01 Nov Thoughts, Don’t Kill My Vibe
I have a question for you. What role does judgment play in your day, or your life? Do you judge food, or other’s food, or your body, or clothes, or looks?
What I have found, while working with people and being a woman with lots of female friends, is that judgment creeps in.
Do you have any “shoulds” showing up in your thoughts or your words?
I understand ambition. I understand wanting to be, do and have it all. Do I think that’s possible? Hell yes I do. I also realize how “striving” in our lives and in our days can take a sneaky turn.
I see it all time the time. Sometimes it looks like a case of the shoulds.
Here’s what that sounds like:
“I should go to that party.” “I should go to the gym.” “I shouldn’t eat that.” You name it.
That’s the type of language that makes us wrong for what we do or don’t do. That is also what leads to us not trusting our own decisions, and what eventually causes us to lose touch with our intuition.
I made a decision a couple years ago to officially replace “should” with “could” in my vocabulary, and I now allow myself to choose whatever is best for me in that moment. Then I give myself permission to own it, no matter what it is. Looking back, I received a nudge in this direction when Adrenal Fatigue took over my ability to choose. It said, “Nope! You’re actually not going to be able to do much of anything today, or tomorrow.”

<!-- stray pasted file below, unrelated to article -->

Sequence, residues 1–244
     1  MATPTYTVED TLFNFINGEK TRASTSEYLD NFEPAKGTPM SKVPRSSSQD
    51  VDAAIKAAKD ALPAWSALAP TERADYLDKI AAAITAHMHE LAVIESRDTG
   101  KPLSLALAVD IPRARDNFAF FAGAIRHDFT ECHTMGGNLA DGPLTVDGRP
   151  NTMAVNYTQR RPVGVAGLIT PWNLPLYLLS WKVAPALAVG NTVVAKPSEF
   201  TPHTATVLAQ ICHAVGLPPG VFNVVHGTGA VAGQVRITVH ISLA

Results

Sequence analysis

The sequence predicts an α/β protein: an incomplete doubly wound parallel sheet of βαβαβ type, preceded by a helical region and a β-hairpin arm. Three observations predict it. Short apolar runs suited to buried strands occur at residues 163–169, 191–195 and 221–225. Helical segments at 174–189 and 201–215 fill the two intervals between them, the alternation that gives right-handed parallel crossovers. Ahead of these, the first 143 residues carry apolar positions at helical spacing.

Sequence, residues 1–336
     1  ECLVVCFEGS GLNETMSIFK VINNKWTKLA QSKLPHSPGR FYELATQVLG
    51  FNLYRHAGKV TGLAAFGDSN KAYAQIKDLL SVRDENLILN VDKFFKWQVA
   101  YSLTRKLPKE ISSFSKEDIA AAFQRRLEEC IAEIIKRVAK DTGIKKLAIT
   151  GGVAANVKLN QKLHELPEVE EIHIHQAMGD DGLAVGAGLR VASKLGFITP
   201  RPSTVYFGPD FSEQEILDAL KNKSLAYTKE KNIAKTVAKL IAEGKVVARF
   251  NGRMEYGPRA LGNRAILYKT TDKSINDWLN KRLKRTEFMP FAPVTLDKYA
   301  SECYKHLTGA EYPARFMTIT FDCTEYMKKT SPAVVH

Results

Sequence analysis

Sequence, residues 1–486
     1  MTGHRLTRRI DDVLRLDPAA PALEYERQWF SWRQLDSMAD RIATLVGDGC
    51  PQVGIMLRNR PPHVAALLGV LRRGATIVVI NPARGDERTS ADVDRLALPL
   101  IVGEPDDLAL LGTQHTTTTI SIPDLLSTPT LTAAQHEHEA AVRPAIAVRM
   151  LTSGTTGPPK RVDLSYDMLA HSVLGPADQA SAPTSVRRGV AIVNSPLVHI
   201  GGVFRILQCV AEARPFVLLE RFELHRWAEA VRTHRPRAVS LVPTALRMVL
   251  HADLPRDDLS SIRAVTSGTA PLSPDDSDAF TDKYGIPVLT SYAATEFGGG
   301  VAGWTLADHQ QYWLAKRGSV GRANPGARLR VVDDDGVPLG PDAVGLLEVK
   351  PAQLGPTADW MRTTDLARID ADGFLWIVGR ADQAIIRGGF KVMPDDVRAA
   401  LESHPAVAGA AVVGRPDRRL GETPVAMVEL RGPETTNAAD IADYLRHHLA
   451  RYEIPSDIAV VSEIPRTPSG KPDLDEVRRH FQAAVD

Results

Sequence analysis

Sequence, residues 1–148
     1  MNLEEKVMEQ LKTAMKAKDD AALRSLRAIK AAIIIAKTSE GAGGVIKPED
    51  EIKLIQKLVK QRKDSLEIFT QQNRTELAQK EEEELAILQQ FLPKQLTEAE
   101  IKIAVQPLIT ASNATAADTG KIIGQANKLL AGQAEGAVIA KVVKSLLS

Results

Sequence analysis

The things is, judgment creates pressure. Judgment shifts our body chemistry to a LOW vibe state.
Given my past as a collegiate athlete, I had to push myself and not slow down.
Now I listen first.
My body gives me the guidance I need. My judgmental (or perfectionist) thoughts do not.
We don’t have to force ourselves, and we certainly don’t have to punish ourselves. Give yourself a choice. You make good choices! When you do that, watch how your energy begins to shift.
Now I give myself lots of options. When it comes to working out, sometimes it’s an early gym class, sometimes I’m in the back row at spin taking my time, or I go for a walk, or I pass on the exercise that day, without feeling guilty.
I let myself choose. This is what balance is about.
A perfectionist approach sets people up for failure. They think when things are “perfect” then they can begin to relax, but it doesn’t matter what you’re trying to control because generally, Life has other plans. The good news is, there’s a much bigger plan that’s working out better than anything you could have planned anyway.
You just have to be present enough to notice it. Give yourself that gift.
Strive for progress, not perfection.
Life isn’t a checklist. It’s a dance, darling.
See you on the dance floor.